Grid

Switzerland and the 70% rule

Or why 100 minus 70 does not always add up to 30

Author: Stephanie Bos


The EU is working flat out to finalise the single electricity market and is making progress with the implementation of the third internal market package. At the same time, the «Clean Energy Package» has come into force. This is now being applied in phases, which is not without consequences for Switzerland. The Clean Energy Package includes a measure referred to as the 70% rule. This specifies that from 1 January 2020, EU member states must make at least 70% of the capacity of their grid elements available for trade between EU member states. Some countries have made use of the exemption to increase this capacity allocation gradually by the end of 2025. An increase in trade within the EU is to be expected as a result of the implementation of the 70% rule.

There are different interpretations of how to deal with non-EU states like Switzerland. At the moment, however, it can be assumed that without corresponding agreements, electricity flows with non-EU states do not count towards this 70%. Increased trade will lead to new challenges for the Swiss transmission grid, especially if trade with Switzerland is not taken into account.


Planned and unplanned electricity flows

There are different flows in the electricity grid, which can be roughly divided into planned and unplanned electricity flows. Planned flows correspond to the electricity trade carried out between different countries. If, for example, Germany sells electricity to France and the electricity flows directly across the border from Germany to France, then this is a planned import-export electricity flow. Often, however, only some of the electricity flows directly across the border in this type of trade for physical reasons. The rest of the flow seeks a path via other countries, thereby creating unplanned flows. If, for example, Germany sells electricity to France, part of this electricity inevitably flows as an unplanned transit flow via another country, such as Belgium. Both types of electricity flow appear in cross-border trade and therefore count towards the 70% set out in the EU rule.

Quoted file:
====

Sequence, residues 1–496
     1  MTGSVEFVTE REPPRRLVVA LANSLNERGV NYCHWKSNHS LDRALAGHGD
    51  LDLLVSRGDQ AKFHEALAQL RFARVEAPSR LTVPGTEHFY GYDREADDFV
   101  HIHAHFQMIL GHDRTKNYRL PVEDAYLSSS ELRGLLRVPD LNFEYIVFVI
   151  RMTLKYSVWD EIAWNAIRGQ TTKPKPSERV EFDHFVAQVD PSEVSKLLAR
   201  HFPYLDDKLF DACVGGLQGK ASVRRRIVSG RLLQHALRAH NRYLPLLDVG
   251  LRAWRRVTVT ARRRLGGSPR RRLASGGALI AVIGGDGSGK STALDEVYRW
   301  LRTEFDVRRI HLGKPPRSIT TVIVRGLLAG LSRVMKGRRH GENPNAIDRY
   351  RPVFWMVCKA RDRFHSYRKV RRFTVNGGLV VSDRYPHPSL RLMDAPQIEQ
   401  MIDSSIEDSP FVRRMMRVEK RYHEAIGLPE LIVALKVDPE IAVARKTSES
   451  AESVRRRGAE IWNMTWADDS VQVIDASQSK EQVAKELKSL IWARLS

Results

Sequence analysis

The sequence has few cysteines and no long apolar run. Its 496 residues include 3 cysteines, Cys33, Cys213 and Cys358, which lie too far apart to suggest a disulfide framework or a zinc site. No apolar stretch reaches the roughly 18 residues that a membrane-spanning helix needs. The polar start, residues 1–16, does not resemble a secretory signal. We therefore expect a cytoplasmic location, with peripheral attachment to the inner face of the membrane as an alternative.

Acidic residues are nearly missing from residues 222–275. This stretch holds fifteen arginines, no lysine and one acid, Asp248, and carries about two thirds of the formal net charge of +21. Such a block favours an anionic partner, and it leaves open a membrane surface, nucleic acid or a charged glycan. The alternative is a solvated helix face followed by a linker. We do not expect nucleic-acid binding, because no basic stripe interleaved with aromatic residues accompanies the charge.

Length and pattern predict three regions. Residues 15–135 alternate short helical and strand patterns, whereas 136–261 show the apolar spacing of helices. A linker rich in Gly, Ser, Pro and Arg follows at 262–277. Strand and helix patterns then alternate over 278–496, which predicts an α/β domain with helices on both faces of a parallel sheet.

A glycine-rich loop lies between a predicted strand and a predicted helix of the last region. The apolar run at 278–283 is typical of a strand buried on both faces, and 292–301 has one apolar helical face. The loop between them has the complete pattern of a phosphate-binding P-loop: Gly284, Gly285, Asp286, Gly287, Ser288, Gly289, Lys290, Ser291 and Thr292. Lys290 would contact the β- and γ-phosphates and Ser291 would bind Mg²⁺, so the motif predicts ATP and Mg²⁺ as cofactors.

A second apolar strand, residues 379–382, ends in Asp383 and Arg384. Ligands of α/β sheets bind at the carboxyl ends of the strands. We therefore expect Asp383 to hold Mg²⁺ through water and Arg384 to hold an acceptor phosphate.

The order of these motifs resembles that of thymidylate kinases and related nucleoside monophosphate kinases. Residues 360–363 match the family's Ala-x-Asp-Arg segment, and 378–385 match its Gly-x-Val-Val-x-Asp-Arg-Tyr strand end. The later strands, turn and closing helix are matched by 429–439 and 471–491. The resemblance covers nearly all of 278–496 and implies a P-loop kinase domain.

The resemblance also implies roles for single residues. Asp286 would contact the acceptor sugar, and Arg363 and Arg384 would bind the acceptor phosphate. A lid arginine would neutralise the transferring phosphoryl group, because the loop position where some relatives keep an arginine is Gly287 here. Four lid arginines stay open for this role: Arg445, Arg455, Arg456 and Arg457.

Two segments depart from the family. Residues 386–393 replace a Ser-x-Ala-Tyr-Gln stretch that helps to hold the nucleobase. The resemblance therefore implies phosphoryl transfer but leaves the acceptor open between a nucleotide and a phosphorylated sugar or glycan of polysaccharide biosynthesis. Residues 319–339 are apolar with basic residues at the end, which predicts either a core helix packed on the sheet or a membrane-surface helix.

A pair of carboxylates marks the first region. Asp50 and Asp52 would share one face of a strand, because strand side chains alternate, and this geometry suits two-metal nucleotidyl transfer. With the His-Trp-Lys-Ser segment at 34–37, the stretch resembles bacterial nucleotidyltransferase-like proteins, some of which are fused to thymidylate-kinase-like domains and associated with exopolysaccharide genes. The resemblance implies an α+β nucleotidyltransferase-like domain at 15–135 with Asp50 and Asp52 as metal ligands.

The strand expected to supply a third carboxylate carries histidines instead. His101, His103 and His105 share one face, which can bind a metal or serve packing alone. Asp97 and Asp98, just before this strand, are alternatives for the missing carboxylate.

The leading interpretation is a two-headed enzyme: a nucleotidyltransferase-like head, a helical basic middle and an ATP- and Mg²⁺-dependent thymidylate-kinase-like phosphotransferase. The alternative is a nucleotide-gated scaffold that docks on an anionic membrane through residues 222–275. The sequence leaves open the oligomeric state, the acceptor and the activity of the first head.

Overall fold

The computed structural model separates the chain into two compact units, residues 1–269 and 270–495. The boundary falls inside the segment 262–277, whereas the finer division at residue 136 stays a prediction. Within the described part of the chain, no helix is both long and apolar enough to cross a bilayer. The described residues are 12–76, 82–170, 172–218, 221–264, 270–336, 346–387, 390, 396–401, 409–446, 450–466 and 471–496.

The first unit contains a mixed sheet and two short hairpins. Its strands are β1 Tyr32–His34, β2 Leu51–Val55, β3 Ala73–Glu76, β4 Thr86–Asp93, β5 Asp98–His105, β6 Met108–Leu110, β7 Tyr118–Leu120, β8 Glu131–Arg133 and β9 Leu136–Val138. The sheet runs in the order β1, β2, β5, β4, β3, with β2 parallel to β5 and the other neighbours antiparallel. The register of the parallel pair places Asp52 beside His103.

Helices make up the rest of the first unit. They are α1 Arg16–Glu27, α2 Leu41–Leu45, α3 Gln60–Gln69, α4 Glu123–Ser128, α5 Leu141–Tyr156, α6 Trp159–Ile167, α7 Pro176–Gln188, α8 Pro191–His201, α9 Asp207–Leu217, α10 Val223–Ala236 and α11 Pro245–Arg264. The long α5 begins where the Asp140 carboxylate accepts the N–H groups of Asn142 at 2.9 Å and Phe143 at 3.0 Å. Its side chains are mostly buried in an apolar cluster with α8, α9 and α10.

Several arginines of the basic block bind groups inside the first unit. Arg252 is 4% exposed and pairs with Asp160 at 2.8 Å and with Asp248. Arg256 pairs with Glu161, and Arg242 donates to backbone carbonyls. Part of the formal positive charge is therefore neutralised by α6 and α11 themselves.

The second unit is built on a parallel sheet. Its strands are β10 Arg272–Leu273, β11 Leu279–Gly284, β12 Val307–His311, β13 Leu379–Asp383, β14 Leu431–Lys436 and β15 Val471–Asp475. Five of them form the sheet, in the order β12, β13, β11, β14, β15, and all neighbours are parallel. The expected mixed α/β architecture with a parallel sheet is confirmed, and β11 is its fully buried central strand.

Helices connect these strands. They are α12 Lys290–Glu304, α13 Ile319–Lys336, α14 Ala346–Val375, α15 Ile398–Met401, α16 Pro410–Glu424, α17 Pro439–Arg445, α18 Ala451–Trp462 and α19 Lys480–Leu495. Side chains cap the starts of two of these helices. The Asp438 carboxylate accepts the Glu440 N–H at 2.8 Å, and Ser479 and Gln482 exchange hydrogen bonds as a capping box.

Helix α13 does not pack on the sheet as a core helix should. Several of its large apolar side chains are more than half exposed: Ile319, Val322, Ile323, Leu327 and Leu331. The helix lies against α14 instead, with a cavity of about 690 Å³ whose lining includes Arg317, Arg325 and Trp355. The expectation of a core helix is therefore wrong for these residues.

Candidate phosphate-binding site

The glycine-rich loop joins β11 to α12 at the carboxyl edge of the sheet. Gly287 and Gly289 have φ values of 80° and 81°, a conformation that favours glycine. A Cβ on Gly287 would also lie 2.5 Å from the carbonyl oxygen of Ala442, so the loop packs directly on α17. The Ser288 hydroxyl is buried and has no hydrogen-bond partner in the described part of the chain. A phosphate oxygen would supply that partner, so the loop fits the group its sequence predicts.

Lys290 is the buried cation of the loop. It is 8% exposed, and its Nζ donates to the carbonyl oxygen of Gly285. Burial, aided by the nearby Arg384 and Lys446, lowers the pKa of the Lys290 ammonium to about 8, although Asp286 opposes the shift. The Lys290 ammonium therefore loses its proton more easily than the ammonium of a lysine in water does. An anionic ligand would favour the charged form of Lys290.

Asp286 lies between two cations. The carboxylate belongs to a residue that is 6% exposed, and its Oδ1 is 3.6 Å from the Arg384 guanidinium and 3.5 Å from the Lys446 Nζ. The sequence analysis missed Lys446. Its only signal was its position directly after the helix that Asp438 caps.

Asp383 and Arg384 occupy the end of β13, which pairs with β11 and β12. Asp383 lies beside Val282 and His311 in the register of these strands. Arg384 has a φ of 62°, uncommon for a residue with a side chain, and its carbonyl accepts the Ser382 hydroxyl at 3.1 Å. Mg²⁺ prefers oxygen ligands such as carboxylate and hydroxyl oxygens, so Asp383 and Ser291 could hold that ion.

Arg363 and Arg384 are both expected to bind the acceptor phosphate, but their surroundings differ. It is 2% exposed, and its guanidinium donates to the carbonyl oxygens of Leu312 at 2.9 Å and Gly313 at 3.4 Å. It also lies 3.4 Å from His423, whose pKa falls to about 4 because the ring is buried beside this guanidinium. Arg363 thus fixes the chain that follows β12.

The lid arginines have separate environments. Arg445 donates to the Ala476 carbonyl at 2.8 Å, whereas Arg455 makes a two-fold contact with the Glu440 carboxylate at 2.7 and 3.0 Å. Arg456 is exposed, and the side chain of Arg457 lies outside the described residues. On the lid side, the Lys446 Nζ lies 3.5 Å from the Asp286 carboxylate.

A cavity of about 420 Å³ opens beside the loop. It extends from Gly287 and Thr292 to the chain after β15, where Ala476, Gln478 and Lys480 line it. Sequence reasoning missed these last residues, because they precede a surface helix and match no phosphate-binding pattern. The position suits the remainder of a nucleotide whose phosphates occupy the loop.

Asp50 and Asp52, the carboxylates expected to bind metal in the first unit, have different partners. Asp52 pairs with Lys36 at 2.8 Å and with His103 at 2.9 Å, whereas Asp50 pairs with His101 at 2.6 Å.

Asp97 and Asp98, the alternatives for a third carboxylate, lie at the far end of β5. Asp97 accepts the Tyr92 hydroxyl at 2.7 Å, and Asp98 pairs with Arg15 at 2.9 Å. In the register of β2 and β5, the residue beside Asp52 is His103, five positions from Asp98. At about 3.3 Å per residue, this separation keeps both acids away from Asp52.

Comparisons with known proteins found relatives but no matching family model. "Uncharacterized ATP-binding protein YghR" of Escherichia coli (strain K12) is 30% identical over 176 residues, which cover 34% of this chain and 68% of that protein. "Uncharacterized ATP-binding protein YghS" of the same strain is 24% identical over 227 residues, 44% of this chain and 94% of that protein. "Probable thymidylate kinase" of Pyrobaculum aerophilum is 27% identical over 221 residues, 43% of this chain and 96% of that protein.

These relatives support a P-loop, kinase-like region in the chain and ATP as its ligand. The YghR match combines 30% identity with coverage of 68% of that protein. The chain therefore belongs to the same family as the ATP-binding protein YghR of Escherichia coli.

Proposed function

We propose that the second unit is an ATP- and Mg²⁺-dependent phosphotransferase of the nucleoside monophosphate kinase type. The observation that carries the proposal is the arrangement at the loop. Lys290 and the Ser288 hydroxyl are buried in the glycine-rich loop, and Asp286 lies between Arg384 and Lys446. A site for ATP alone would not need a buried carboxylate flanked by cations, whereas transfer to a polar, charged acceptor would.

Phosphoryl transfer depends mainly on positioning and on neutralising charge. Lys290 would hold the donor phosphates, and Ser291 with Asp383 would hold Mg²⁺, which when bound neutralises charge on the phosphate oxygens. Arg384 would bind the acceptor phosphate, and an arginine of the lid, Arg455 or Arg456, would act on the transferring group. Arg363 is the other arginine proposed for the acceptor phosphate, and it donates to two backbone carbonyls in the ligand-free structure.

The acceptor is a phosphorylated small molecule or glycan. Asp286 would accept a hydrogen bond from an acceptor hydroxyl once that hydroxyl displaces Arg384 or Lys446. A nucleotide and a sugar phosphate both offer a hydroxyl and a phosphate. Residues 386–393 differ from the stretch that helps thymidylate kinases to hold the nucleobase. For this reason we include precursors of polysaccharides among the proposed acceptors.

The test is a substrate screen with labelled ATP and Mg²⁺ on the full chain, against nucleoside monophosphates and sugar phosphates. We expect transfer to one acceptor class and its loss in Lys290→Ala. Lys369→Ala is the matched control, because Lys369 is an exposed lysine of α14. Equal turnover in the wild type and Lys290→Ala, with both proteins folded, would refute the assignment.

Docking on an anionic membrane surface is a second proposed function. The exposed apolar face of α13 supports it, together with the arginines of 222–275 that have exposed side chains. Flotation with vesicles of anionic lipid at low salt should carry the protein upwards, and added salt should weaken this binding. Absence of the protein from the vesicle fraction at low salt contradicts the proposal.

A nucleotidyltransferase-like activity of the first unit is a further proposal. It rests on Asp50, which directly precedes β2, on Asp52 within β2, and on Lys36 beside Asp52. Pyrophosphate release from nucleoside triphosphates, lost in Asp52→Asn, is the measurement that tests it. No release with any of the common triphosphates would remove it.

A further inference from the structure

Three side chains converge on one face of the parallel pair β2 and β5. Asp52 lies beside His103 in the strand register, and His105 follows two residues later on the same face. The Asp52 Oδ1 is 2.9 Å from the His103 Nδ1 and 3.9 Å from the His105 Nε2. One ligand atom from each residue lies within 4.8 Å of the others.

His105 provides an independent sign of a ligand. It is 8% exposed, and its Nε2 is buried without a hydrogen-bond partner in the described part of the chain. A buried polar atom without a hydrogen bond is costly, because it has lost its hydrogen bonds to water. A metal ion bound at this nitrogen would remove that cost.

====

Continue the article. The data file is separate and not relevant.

Planned Import/Export Flows
1/3: Planned Import/Export Flows
Transit Flows
2/3: Transit Flows
Loop Flows
3/3: Loop Flows

A ring flow is another kind of unplanned electricity flow. It occurs when, for example, Germany trades electricity within its own country, but this electricity flows back to Germany via another country, for example through Switzerland. The electricity produced within a country is therefore consumed in the same country, but transits via foreign lines in the process. Due to grid expansion in European countries, ring flows can be minimised, but never completely prevented. This is because electricity always seeks the path of least physical resistance. A ring flow is therefore a cross-border flow that exists from a physical perspective but does not appear in cross-border trade. Consequently, ring flows do not count towards the 70% laid down in the EU rule.